By Steve Graf
In the world of sports, they say competition makes everybody better. It brings out the best in an athlete who has a competitive fire trying to earn his spot on the team. But in the world of tournament bass fishing, this may not be the case. While having too many athletes is usually not a problem, having too many fishing circuits can be. Today, anglers are faced with a plethora of bass trails to follow. Let’s take a look at the factors that help an angler decide what they are going to fish and why.
In our part of the country, we call the Ark-La-Tex, the issue of what to fish has reared its ugly head. Anglers in this region have no shortage of tournament trails to choose from. But as we all know, there are basically only four weekends in a month and anglers are having to pick and choose what trails they want to follow. So just how many trails are there? At my last count, I came up with 17 different organizations, all of which offer great incentives to fish. So how do anglers today decide what trail or trails they are going to follow?
It usually comes down to economics and the costs involved. First, anglers look at what lakes the trail is going to. Next, they look at how far the destination is for each tournament. Are the tournaments close to home or will they have to travel hours for each event? What’s the entry fee for each event? Higher level tournament trails usually require higher entry fees. Fees can range from $200 up to $1500 depending on the circuit. Other factors include how much it will cost for hotel or private accommodations, food expenses, and gasoline costs for both the truck and the boat.
Then they look at how competitive do they think they can be in a particular circuit. Can they realistically compete with the anglers fishing a specific trail? This is a major factor since some trails draw a higher level of fishermen than others. Every angler just wants to be competitive or at least have a decent shot at collecting a check to help offset expenses.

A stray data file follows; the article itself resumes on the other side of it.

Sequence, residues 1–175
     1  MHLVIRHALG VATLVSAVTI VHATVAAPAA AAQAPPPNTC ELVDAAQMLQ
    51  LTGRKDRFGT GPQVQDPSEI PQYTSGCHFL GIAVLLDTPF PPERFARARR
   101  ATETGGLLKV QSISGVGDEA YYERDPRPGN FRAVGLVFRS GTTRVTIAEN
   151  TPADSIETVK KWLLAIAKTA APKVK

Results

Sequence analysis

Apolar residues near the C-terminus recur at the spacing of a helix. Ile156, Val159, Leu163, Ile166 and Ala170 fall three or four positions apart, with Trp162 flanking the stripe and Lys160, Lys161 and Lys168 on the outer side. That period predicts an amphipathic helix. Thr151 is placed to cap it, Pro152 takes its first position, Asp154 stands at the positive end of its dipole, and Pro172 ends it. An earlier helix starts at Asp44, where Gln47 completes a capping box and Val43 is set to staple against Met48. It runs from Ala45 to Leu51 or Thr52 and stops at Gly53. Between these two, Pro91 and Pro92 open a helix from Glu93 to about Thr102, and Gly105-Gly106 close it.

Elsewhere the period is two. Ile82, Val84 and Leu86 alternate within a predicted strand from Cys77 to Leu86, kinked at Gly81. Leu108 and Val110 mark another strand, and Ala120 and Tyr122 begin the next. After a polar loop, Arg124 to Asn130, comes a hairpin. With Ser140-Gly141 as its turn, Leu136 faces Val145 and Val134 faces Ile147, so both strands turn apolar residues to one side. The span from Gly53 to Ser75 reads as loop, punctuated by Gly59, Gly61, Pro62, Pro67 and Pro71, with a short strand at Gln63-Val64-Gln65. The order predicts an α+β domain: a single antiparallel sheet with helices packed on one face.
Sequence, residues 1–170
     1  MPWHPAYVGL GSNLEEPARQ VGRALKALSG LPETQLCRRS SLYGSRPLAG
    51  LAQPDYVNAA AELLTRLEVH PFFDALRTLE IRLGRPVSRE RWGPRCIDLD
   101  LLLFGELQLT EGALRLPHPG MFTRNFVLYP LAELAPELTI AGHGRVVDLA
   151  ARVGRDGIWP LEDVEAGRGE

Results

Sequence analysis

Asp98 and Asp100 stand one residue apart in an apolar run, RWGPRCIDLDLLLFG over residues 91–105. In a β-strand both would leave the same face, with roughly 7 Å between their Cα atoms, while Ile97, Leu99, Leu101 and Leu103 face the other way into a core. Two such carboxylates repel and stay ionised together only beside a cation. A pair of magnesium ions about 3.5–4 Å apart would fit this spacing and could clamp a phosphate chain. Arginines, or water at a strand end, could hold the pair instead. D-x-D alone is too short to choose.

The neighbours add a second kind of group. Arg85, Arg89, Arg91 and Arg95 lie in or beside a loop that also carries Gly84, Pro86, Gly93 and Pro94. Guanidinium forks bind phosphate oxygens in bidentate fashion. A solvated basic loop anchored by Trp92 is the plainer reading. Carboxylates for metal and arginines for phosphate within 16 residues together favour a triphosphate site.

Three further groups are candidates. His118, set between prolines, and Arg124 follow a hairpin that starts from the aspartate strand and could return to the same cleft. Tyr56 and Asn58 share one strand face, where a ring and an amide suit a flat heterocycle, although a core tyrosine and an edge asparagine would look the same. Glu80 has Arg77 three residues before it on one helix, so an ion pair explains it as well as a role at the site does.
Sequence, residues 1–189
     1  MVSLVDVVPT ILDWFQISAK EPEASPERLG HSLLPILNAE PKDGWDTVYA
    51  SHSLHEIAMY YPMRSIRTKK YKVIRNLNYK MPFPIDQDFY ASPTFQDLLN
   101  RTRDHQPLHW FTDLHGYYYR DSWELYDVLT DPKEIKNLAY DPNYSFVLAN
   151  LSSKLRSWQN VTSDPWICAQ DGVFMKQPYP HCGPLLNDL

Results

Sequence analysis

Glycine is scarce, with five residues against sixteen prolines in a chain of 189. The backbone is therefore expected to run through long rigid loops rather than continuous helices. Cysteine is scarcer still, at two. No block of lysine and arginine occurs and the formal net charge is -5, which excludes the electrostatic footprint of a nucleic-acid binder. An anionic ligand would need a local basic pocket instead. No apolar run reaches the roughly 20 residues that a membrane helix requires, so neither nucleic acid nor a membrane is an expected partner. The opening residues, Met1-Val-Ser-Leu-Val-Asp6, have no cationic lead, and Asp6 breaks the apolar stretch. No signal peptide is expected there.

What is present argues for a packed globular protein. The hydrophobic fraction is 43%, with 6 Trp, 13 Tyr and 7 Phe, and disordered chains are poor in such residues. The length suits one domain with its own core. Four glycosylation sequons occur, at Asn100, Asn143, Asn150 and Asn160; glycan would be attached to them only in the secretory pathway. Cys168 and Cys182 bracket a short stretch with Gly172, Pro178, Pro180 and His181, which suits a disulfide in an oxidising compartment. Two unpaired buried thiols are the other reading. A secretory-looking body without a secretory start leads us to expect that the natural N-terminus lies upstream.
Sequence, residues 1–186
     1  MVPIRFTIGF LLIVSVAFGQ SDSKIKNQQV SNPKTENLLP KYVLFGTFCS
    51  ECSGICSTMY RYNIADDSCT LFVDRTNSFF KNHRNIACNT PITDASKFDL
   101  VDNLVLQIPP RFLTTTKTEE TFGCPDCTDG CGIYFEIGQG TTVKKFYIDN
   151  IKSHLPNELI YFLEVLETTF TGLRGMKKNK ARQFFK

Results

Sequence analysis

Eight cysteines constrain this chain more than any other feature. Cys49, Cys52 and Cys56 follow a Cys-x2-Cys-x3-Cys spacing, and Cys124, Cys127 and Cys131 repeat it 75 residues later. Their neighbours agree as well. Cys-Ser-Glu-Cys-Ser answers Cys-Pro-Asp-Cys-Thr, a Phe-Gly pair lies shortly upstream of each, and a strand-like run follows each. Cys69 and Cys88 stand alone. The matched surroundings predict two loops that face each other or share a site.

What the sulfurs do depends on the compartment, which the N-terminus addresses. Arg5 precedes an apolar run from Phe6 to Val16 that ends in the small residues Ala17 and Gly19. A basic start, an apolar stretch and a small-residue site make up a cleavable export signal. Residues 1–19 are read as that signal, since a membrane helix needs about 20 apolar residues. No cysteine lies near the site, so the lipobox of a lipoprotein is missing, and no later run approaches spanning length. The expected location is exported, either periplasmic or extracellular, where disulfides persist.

With all this being said, there are presently 17 bass fishing tournament trails in this region and there are just not enough fishermen to go around. One thing that continues to set all tournament circuits apart is what is called “guaranteed” payback. This means that if a trail is offering $20,000 guaranteed for first place, anglers tend to flock to that kind of payback rather than a circuit that’s offering $20,000 based on the “number of boats” that show up. Guaranteed tournaments will always outdraw a tournament that has a payback based on the number of boats.
So, what circuits will probably survive out of the 17 offered? It’s hard to say because each one has its own dedicated group of anglers that will stay loyal. It’s not necessarily the tournament trail they’re loyal to, but rather it’s the tournament director. Tournament directors who take the time to get to know their anglers and build a relationship stand a greater chance of their circuit surviving. Anglers can be a very loyal bunch, but only if they enjoy the trail they are fishing and feel a connection to the director. However, one thing is clear. Not all 17 tournament trails will survive. There are simply just not enough weekends in a month for all of them to make it. Till next time, good luck, good fishing, and don’t forget your sunscreen and good protective clothing.